Particularly suggestive would be a history of previous carpal tunnel syndrome or of symptoms of dysphagia, dysphonia, or macroglossia (Fig. 4). Any symptoms supporting cardiac or renal impairment would be relevant, including dyspnea, postural hypotension, and peripheral edema. Jaw and leg claudication can occur secondary to blood-vessel infiltration, which is also the mechanism responsible for bowel signs such as malabsorption and diarrhea. The patient may be short of breath, with altered performance status, or complain of fatigue, weight loss, anorexia, or lethargy.
On examination, the skin lesions listed above should be sought. There may be lymphadenopathy, which can be gross (Fig. 5). The most common organ affected by amyloid infiltration is the kidney; urinalysis may reveal proteinuria, a particularly useful side-room test because 80-90 percent of patients have proteinuria at some point. Blood pressure may reveal postural hypotension, commonly a feature of autonomic involvement. Hepatomegaly may be found in approximately 50 percent of patients; splenomegaly is less common. Occasionally amyloidosis may mimic features of rheumatoid arthritis, findings attributed to amyloid deposition in joints. Amyloidosis may also have features of Sjogren syndrome, attributed to direct dermal infiltration.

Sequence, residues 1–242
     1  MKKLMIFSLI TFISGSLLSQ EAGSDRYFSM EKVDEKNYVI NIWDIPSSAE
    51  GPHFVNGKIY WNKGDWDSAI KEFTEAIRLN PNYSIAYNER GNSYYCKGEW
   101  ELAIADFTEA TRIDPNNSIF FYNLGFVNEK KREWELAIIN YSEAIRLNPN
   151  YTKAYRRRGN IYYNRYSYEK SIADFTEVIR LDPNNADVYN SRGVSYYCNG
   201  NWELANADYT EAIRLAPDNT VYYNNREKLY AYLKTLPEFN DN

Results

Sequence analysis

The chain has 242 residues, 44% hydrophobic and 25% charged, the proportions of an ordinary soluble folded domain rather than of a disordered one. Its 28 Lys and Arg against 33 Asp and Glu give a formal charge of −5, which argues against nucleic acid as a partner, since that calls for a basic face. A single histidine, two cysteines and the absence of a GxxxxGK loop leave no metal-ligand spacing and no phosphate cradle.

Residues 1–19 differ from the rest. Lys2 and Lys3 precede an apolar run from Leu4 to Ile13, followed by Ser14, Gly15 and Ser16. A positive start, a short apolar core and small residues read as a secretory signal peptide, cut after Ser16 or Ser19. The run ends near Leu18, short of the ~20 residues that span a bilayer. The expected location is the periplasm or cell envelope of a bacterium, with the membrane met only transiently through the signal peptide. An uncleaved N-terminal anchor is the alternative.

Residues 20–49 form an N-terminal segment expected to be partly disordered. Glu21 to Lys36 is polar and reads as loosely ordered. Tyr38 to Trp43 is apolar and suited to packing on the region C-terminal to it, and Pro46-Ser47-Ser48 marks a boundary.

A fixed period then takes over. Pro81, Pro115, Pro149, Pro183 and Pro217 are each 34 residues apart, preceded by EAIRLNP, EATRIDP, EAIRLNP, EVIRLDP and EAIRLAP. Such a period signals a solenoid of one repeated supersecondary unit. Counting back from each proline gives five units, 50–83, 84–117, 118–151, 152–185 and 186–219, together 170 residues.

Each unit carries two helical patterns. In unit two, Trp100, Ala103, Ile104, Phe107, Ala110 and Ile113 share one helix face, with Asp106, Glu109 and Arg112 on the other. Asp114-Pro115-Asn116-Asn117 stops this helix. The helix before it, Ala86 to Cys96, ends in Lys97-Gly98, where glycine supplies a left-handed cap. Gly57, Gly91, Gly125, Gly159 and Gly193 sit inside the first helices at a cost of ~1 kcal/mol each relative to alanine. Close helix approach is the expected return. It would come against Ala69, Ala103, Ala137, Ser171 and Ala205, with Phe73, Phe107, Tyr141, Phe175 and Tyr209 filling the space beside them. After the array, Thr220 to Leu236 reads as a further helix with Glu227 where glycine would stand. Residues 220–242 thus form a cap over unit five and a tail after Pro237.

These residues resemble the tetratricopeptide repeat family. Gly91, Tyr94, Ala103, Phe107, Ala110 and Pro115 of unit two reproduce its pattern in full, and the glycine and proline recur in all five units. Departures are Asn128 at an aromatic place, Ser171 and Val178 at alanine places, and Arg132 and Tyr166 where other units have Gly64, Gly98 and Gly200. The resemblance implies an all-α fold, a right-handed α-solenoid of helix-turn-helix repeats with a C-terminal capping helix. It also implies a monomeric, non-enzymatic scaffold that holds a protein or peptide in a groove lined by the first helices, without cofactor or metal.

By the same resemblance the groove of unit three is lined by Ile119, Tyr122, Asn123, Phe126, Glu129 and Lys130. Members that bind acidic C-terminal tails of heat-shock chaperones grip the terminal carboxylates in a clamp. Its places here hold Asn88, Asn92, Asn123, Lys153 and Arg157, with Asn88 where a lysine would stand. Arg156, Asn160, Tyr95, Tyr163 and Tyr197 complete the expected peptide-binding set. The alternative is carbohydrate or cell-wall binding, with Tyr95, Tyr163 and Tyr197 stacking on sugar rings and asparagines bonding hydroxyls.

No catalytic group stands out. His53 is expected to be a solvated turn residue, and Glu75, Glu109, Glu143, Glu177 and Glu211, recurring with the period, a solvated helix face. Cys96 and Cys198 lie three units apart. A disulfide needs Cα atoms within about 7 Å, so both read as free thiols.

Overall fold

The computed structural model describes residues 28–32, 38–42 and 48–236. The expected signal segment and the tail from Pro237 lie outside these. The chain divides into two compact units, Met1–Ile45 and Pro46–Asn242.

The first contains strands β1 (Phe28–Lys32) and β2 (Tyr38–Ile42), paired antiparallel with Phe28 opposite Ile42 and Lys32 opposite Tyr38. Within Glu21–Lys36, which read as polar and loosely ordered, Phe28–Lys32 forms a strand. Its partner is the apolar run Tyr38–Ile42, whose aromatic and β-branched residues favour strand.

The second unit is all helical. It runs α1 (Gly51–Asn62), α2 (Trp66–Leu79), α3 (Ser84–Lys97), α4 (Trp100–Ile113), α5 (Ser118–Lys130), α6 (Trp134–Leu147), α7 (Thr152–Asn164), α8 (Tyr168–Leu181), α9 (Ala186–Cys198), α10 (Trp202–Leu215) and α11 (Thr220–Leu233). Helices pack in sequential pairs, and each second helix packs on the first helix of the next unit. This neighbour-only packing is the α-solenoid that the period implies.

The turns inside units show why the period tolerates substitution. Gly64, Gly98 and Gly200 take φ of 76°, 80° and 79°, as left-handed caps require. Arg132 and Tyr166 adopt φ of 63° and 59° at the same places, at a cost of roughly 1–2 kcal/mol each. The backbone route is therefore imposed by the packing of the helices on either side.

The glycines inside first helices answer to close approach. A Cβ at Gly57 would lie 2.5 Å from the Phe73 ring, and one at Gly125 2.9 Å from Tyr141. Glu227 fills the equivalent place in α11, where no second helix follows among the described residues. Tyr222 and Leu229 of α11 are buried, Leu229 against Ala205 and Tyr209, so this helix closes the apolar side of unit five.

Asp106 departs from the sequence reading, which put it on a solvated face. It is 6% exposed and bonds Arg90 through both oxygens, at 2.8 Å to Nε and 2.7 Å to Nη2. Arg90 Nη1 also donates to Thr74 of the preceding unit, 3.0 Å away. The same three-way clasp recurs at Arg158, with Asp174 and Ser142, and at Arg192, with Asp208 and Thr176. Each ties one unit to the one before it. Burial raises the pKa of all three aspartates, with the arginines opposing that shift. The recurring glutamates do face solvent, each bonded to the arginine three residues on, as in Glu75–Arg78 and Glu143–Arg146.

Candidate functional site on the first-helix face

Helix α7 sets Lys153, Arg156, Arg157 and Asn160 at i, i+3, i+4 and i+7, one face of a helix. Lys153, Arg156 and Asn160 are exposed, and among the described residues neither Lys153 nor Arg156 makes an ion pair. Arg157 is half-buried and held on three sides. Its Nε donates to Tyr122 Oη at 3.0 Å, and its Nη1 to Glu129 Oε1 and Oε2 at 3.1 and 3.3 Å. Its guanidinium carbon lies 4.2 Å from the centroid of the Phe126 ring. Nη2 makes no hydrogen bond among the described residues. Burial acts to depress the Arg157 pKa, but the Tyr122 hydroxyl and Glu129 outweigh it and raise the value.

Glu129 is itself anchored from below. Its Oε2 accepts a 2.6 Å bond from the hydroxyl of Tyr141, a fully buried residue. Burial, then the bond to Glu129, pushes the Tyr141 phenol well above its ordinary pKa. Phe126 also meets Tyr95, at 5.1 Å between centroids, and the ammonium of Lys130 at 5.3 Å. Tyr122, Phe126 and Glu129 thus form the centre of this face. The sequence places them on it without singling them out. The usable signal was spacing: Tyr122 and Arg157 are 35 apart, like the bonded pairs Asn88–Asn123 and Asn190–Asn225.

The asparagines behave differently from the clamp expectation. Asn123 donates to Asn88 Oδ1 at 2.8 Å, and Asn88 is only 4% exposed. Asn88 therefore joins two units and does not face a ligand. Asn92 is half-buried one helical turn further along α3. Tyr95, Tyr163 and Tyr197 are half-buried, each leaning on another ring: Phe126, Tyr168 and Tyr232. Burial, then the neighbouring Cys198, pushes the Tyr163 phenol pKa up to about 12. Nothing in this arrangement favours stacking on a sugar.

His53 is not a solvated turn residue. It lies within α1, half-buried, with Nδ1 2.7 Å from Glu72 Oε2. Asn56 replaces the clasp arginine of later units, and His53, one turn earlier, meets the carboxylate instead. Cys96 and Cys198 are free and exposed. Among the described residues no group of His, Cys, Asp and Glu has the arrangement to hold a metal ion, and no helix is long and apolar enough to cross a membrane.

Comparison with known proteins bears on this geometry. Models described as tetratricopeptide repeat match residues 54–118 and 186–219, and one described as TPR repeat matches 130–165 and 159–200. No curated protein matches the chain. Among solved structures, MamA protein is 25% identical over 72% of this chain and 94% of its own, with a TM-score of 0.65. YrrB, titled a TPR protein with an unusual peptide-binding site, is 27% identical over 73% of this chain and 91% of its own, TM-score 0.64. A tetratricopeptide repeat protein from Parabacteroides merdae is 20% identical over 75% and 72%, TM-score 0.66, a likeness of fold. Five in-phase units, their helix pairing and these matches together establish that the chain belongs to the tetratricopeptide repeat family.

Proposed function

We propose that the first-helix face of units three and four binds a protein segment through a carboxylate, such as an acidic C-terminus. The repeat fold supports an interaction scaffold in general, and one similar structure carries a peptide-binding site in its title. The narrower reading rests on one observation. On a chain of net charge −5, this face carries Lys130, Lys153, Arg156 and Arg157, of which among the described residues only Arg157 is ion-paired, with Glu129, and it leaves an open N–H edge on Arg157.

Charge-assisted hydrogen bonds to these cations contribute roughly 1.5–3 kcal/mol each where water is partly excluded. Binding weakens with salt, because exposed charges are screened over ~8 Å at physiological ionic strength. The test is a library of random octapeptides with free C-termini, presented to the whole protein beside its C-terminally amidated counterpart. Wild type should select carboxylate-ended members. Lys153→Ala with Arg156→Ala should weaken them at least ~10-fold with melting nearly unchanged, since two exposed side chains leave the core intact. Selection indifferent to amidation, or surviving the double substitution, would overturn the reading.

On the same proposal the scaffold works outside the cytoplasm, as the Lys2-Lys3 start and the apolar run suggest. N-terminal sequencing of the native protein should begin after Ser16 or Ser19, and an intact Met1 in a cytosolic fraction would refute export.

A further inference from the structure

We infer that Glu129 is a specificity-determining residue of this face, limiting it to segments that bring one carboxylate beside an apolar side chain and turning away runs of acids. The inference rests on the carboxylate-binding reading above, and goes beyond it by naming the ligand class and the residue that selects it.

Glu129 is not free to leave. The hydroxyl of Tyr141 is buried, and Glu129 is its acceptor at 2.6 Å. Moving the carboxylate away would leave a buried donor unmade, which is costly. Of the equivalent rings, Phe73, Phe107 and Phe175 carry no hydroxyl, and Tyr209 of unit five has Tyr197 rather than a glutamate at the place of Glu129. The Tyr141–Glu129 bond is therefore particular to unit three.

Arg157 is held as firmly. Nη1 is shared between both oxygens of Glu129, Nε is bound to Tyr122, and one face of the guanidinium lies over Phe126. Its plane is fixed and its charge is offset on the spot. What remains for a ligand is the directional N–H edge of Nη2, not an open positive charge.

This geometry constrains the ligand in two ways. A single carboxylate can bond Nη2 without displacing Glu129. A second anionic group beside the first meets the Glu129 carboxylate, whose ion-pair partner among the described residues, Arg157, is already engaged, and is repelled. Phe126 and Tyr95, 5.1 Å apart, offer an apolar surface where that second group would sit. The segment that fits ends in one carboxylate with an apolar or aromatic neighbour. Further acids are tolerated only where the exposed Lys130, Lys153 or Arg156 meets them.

Biopsy is the definitive investigation for amyloidosis. Fine-needle fat-pad biopsy and rectal biopsy have both been hailed as the investigation of choice, each giving positive results in 80-90 percent of cases [10, 11, 12]. Skin biopsy is also a useful investigation, with the possibility of providing definitive diagnosis. The biopsy may be of involved or uninvolved skin, as both provide high-yield results for diagnosis. Where other tissues are involved, they may also be used to stain for amyloid, including liver or spleen biopsy, carpal tunnel tissue, nail or scalp biopsy.